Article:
Subject: Re: quality, sharing, etc.
From: Brian Behlendorf <brian@collab.net>
Date: Sun, 27 Aug 2000 22:20:25 -0700 (PDT)

On Mon, 28 Aug 2000, Stephen J. Turnbull wrote:
>     Brian> I think the BSD's all use the same ports collection
>     Brian> concept, but all have their own instantiation of it.  It'd
>     Brian> be nice if these were merged, and I'd hope that was
>     Brian> possible despite the different areas of focus of each BSD.
> 
>     Brian> More broadly, if all the BSD's could be accomodated, then
>     Brian> that might be extendable to other OS's too.
> 
> How is this different from SourceForge in the end?  

*Much* different.  SF is a large repository for any open source project
that wishes to use it, and is "where" the development is supposed to take
place on that project.  By contrast, the ports collection is not where the
development of the code takes place, but where the information about how
to integrate that package into the FreeBSD system (along some filesystem
standards) is maintained.  It's useful to have one person maintain a large
number of ports for a given platform, since consistancy is important;
therefore the amount of time spent on each codebase needs to be as small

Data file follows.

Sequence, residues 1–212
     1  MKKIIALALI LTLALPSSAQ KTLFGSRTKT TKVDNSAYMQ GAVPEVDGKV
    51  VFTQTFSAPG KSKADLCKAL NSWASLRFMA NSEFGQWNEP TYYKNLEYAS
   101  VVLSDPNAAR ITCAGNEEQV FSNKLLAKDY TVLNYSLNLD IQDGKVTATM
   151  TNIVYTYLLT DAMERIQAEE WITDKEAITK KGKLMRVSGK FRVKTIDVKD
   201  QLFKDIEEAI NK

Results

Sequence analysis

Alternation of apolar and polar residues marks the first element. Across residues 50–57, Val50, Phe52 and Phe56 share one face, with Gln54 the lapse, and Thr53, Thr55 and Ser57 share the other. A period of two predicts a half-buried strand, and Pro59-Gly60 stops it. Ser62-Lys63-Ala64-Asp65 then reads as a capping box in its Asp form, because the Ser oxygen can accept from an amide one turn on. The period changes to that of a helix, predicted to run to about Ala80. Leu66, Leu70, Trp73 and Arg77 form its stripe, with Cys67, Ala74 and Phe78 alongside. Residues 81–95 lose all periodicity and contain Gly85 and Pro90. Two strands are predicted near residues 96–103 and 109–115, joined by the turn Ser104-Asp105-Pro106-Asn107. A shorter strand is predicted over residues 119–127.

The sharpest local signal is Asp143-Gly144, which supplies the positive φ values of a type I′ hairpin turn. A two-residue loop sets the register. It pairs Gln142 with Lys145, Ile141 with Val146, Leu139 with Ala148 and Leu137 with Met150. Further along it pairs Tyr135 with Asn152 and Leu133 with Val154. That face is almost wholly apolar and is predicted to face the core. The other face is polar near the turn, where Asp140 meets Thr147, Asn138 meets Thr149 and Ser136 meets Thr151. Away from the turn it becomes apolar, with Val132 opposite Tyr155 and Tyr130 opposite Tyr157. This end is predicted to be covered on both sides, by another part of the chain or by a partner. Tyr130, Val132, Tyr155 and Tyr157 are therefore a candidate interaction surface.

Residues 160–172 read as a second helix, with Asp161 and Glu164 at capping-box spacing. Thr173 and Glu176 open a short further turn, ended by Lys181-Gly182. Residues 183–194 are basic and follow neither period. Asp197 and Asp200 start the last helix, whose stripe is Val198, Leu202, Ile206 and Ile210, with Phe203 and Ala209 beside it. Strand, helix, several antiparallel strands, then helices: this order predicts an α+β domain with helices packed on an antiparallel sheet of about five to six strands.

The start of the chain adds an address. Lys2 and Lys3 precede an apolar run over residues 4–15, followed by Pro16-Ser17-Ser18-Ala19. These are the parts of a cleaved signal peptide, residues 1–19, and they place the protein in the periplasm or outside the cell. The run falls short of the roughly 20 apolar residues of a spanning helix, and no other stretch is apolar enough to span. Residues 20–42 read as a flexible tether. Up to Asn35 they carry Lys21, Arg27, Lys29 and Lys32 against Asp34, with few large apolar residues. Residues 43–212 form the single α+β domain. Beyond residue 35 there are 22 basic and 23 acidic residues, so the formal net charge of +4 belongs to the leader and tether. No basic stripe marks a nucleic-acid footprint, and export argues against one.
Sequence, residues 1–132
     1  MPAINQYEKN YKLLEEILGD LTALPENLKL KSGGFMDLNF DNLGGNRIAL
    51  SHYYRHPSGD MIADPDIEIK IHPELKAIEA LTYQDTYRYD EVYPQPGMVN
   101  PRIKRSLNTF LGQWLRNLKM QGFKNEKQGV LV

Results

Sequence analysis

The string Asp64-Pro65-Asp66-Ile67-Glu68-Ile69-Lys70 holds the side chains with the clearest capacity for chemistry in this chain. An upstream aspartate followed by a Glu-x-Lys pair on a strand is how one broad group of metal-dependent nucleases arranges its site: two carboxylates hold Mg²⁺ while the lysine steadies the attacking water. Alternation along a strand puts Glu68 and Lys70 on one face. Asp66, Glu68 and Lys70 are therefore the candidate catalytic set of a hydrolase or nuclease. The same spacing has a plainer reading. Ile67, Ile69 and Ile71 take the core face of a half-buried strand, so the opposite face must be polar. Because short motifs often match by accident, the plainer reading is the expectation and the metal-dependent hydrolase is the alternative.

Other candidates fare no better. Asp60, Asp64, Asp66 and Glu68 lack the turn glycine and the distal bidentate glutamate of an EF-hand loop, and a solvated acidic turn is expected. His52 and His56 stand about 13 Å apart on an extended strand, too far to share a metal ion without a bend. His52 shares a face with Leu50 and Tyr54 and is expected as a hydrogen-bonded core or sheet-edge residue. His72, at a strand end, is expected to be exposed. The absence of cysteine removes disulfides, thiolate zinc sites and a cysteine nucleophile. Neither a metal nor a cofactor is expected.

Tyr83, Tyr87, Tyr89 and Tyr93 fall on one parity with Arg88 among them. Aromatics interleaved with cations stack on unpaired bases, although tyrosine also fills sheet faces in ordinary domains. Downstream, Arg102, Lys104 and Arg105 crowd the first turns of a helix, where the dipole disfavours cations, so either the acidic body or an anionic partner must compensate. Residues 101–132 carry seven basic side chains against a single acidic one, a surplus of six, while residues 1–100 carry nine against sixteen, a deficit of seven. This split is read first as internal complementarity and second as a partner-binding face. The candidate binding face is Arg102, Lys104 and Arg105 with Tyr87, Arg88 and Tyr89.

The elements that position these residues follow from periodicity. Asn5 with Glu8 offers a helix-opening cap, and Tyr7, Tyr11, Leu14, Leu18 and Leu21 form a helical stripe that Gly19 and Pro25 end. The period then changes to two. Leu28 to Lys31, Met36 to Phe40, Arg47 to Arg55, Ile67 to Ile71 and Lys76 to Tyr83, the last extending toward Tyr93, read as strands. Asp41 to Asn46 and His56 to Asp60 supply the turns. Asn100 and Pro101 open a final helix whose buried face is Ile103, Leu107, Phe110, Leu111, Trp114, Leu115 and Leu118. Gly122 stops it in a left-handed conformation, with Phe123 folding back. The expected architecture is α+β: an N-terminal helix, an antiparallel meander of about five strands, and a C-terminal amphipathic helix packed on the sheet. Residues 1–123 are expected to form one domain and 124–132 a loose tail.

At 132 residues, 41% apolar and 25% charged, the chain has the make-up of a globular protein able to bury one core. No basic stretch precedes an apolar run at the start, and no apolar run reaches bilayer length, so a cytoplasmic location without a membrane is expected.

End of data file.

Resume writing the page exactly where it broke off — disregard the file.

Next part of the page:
as possible.

> I see your
> *trusted* concept, but if the *BSD ports maintainers instead joined
> the upstream teams, wouldn't you then end up with a *trusted* upstream
> project?

That presumes:

a) those ports maintainers are able to join the "upstream team", which
sometimes is just one person who's not interested in having others join
(see qmail)

b) that port maintainer's concept of where things should go are accepted
by the upstream project

c) everyone is happy with being all colocated on a single big CVS tree,
something I don't think is scalable or practical.  In fact many
"ports" are for software that isn't even close to being open source.

> The separate ports maintainership is consistently a headache for
> XEmacs with respect to FreeBSD, as the FreeBSD patches often do _not_
...
> This is also consistently a headache with respect to Debian GNU/Linux,
> for the same reasons.  

Isn't open source wonderful?  I'm not being sarcastic; I just don't see it
as a bug that the ports modify the upstream code to be specific to the
standards the distribution has.  By the same token, though, *any* bug
report on that modified codebase should be handled first by the
distribution, then passed along to the upstream project once it's clear
it's not related to the patches in the distro.  That would solve your
headaches, I would think.

> I think this division of loyalty problem is natural for large
> subsystems, each with its own (sub-)community of developers, like X,
> Emacs, Perl, and Apache.  

True.  And if you care about bringing those back into the fold, you'll
look at the changes they make and ask yourself if there isn't a more
neutral third path that everyone can agree to.  I know we do that with the
patches in the FreeBSD apache port from time to time.

> It's easy to say "add a standard that no patch to a distro's version
> of a package is admissible unless it's been vetted upstream," but this
> is just not feasible.  

Nor is that open source.

	Brian